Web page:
3 $route[‘create’] = ‘contacts/create’; http://localhost:3000/contacts/create
4 $route[‘edit/:id’] = ‘contacts/edit’; http://localhost:3000/contacts/edit/1
5 $route[‘update/:id’] = ‘contacts/update’; http://localhost:3000/contacts/update/1
6 $route[‘delete/:id’] = ‘contacts/delete’; http://localhost:3000/contacts/delete/1

Now that we have covered the routes let’s create the Contacts controller that will be responding to the actions specified in the routes.

Create a new file Contacts.php in application/controllers/Contacts.php

Add the following code

defined('BASEPATH') OR exit('No direct script access allowed');

class Contacts extends CI_Controller {

    public function __construct() {

    public function index() {

    public function create() {

    public function edit($id) {

    public function update($id) {

    public function delete($id) {


  • Class contacts extends CI_Controller {..} defines our controller class and extends the CI_Controller class which comes with CodeIgniter.
  • The methods defined above correspond to the routes we defined and those with parameters like delete accept a parameter of $id
  • Notice the functions load three (3) views. The header and footer are common for all methods. The middle view is very specific to the action, i.e. delete for delete function create a view for creating a function, etc. Another important thing to remember is that the views are loaded from the contacts subdirectory.


We still need to take one more step before we can test our routes in the web browser. Let’s create the corresponding views to the above controller methods.

The following image shows what your application will look like

Create the following files in application/views

  • header.php – this file will contain contacts app menu and the header
  • footer.php – this files will contain the application footer.

Create a new directory of contacts in views application/views/contacts

Create the following files inside


Your file structure should be as follows

Let’s now update the header.php

<!DOCTYPE html>
        <meta charset="utf-8">
        <meta name="viewport" content="width=device-width, initial-scale=1">
        <title>CodeIgniter Routes</title>
        <link rel="stylesheet" href="">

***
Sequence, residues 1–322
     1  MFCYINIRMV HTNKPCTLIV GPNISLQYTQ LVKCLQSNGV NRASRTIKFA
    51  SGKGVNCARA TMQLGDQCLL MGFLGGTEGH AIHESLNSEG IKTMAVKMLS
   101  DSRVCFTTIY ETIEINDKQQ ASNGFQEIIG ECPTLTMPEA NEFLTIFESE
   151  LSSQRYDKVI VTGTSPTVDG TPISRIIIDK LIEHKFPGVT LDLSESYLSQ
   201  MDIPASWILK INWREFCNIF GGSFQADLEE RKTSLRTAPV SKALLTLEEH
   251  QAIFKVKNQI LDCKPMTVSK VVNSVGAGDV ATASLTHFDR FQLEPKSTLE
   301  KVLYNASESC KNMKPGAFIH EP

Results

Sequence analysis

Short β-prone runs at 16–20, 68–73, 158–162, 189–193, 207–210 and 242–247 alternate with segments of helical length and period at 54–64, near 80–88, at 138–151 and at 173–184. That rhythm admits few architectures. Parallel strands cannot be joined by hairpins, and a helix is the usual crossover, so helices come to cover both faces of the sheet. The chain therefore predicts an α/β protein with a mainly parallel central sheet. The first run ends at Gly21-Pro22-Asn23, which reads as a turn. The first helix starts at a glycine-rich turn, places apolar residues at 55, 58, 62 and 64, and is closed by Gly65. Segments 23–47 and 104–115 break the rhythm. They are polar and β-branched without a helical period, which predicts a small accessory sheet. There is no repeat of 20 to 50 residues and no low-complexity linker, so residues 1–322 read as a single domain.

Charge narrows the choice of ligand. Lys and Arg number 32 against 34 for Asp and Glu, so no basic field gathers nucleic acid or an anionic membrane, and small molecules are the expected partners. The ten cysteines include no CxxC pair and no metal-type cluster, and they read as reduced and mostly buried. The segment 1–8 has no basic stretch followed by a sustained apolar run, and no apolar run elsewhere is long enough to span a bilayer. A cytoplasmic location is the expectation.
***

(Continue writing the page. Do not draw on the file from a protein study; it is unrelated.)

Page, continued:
<script defer src=""></script>
        <section class="section">
            <div class="container">
                <h1 class="title">CI Contacts v1</h1>
                <h2 class="subtitle">CodeIgniter contacts management app</h2>
                <div class="columns">
                    <div class="column is-one-quarter">
                        <aside class="menu">
                            <p class="menu-label">
                            <ul class="menu-list">
                                <li><a class="is-active" href="#">Dashboard</a></li>
                                <li><a href="/<?=site_url('contacts/create')?>">New Contact</a></li>
                                <li><a href="/<?=site_url('contacts/edit/1')?>">Edit Contacts</a></li>
                            <p class="menu-label">
                            <ul class="menu-list">
                                <li><a href="#">SMS</a></li>
                                <li><a href="#">Email</a></li>


  • The above HTML code loads Burma CSS from a CDN network.

The following is the code for the footer.php


Let’s now add the code for the index.php, edit.php and create.php files for contacts.

<div class="column">Index content goes here...</div>
<div class="column">Edit content goes here...</div>
<div class="column">Create content goes here...</div>

You can save all the changes that have been made.

Open the following URL in your web browser


you can click on the New Contact and Edit Contact links and see what happens


In this tutorial, we have learned how to create routes in CodeIgniter for a real-world example application and covered the basics of routing that you need to know to get started developing CodeIgniter.[/vc_column_text][/vc_column][/vc_row]